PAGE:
• Our own wellness comes by strengthening and balancing the four dimensions of life: physical, mental, emotional and spiritual. Of these, the spiritual is often neglected, yet it is the home of wisdom, love, compassion and connection. When I am no longer able to truly listen to and hold the stories played before me, I am somehow disconnected from my spiritual home – from God. This connection needs to be restored, or any healing is merely a band-aid and a temporary fix.
  • Compassion fatigue is normal – another invitation to turn again to the Source of life and meaning in my life – to draw closer to the deep roots of my own salvation. It is from this source that I can tap into the everlasting, healing spring of hope once again. It is at that spring that I receive strength, clarity, hope, and the reminder that I am the vessel and not the source of life. I remember that my compassion need only carry what is given to me each day, like manna from heaven, knowing that this is enough.
  • As a carrier, distributor and receiver of compassion, I can only serve. The one who receives may or may not realize and acknowledge the true source now or ever. All that is important in a time of crisis is a glimmer of hope, strength, and direction to get through this day.
  • We need to have some pre-defined plan of how to find resolution when we notice the symptoms of compassion fatigue. Often I turn to my spiritual director to be a mirror that helps me reflect upon times when I feel unable to hold any more stories of hardship and trouble. When I am resisting or trying to limit the trauma I witness, she can help me see what I am trying to protect and can help me discover my own healing. If arranged and agreed upon ahead of time, a covenant group of clergy friends could serve in the same way.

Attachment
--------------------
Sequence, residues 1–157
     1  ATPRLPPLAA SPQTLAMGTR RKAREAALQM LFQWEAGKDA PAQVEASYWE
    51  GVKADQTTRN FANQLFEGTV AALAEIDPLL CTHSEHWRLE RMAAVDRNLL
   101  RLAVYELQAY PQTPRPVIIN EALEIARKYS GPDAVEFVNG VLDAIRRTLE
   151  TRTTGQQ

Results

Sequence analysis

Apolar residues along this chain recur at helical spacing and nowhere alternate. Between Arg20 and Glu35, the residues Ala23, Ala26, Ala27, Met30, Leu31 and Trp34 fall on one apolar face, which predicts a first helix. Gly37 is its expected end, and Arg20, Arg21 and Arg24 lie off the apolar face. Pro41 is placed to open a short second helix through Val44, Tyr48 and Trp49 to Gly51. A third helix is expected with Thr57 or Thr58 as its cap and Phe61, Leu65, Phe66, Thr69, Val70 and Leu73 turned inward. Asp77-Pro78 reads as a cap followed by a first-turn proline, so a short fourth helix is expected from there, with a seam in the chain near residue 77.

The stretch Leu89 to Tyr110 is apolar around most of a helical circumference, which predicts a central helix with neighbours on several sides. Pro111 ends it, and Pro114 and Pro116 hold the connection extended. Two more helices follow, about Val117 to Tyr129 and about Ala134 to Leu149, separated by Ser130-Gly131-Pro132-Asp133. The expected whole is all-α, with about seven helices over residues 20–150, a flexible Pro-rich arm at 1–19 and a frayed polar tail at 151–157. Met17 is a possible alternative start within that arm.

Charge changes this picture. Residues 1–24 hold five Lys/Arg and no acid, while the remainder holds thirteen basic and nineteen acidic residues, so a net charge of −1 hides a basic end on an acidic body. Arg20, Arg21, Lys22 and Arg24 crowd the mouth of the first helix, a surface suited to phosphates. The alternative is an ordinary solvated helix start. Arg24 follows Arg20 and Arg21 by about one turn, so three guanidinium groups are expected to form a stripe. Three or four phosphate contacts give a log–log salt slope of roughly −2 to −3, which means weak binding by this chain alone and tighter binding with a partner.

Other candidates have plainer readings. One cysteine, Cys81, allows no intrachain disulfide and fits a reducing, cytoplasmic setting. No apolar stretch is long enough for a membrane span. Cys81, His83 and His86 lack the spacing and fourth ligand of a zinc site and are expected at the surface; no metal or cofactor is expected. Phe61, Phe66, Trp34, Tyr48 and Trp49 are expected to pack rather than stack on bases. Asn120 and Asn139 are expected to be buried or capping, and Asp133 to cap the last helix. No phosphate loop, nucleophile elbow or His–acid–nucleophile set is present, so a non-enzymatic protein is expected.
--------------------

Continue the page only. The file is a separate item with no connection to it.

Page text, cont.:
• Lastly, is my compassion or emotional involvement beyond what is safe, appropriate or helpful? “Your time is limited, so don’t waste it living someone else’s life. Don’t be trapped by dogma – which is living with the results of other people’s thinking. Don’t let the noise of other opinions drown out your inner voice. And most important, have the courage to follow your heart and intuition, they somehow already know what you truly want to become. Everything else is secondary”. (Steve Jobs, 2005 Stanford Commencement Speech)

The Rev. Joy Martin is an ordained Deacon in The Pacific Northwest Conference of The United Methodist Church.

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  1. Thanks for sharing these reflections. The words were different, but when “something” put me in the hosipital in the 1980’s with chest pains, I was given a clean bill of health. There was a hint that I was reacting to tension in an unhealthy way. The doctor recommended a book which changed my life: “Is It Worth Dying For”. One only need to read the title to get the point. I put the brakes on worrying about things over which I had no control or influence. No more trips to a hospital for over 30 years.